Solutions

8 bad habits you should change at your job

If you let work stress get to you, it can affect your colleagues and job too. Here's what you can do as stress management instead.
 

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1. Instead of: Lashing out at your colleagues
You should: Do deep-breathing exercises

Work stress is unavoidable and can lead to pent-up anger. If not managed well, it could lead to extreme reactions, such as lashing out, walking out of a discussion or even passive-aggressive behaviour. The anger can even spill over into other areas of your life.

“Breathing deeply helps you calm and centre yourself so you can observe what is happening inside and outside you, and respond appropriately to it,” says Julia Ng, a professional certified coach at Executive Coach International.

“It enables you to slow down enough to notice physical cues such as your body tensing up, that signal you’re in danger of overreacting. It also allows you to spot triggers and patterns that cause you to react the way you do, so you can do something about it.”

 

Also read: Actress Jacelyn Tay's top 11 tips on how to achieve work-life balance

 

2. Instead of: Working amid clutter
You should: Organise your work space

Neuroscientists at Princeton University in the United States studied people’s task performance when they worked in an organised versus messy environment. They found that physical clutter decreased performance and increased stress.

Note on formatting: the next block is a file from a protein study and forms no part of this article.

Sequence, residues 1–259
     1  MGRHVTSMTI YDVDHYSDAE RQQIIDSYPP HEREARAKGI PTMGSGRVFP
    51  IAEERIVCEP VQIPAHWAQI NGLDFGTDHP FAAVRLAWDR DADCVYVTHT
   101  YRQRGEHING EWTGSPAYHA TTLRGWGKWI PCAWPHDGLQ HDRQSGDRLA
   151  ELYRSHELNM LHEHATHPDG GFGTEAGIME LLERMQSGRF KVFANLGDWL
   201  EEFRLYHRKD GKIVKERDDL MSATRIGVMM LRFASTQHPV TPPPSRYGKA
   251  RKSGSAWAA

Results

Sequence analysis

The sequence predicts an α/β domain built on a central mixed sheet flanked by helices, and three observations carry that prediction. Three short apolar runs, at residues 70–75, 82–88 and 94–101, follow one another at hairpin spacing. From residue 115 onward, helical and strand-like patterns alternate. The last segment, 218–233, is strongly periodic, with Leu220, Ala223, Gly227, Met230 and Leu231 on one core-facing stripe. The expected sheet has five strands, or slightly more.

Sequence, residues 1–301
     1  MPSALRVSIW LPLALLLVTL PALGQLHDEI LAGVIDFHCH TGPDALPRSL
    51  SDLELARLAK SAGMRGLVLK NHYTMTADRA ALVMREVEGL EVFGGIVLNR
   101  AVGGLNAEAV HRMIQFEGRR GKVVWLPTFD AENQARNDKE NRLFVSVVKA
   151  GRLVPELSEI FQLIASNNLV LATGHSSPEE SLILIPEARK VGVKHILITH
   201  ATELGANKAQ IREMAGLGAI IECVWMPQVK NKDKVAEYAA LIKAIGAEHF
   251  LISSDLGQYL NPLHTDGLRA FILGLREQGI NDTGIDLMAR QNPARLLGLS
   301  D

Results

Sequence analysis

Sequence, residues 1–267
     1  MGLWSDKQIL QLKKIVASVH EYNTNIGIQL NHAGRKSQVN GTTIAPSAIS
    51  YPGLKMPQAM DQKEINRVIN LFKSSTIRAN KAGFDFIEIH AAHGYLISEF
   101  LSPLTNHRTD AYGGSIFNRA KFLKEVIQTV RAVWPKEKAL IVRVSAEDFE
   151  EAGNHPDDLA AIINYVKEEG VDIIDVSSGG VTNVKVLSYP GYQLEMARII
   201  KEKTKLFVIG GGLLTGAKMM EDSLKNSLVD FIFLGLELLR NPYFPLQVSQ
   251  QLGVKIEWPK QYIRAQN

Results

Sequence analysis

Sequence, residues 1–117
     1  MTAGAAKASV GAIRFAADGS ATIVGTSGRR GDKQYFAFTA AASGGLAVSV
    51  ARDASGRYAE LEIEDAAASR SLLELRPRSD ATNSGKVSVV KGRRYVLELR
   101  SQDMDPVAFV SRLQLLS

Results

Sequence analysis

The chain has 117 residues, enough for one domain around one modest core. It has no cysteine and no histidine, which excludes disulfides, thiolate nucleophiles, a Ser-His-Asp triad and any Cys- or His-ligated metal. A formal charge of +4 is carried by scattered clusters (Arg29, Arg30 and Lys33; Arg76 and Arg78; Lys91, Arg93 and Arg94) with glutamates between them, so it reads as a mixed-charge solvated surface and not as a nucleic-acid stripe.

There’s nothing wrong with surrounding yourself with things, especially if they inspire you, says Julia. But when you have too many items around you, they star t competing for your attention. Clutter takes up mental and emotional space, overloads your senses and impairs your ability to process information and focus.

“You’ll find that when your mind is cluttered with too many concerns, your office or home tends to get messy too,” she points out. “So cleaning your desk, throwing away things you no longer need and organising your fi les could help you feel clearer and more settled.”

 

Also read: 8 tips to pass your annual performance appraisal with flying colours​

 

How sparse should your work desk be? While some people thrive in minimalist environments, others need some items in their space to feel inspired and get things done. Julia’s advice: Create a space that offers the right amount of stimulation to allow you to do your job well.

3. Instead of: Hanging around toxic colleagues
You should: Surround yourself with supportive ones

Gossipy, back-stabbing colleagues are stressful – they sap your energy and fi ll your mind with negative thoughts. For the sake of your emotional health, Tracy Chong, principal career coach at Passions Work, advises being around co-workers you find positive and supportive.

“These people will help and encourage you, and inspire you to do your best work, unlike the toxic ones, who are only concerned about dwelling on problems in the office,” she says.

 

Also read: 4 ways to make your resume stand out so you can get the job you want​

 

4. Instead of: Complaining
You should: Show gratitude

A person with a victim mentality is constantly complaining and laying blame as she feels powerless about her situation or life, says Julia. She doesn’t see the situation for what it is and makes things out to be worse than they actually are, which adds unnecessary stress.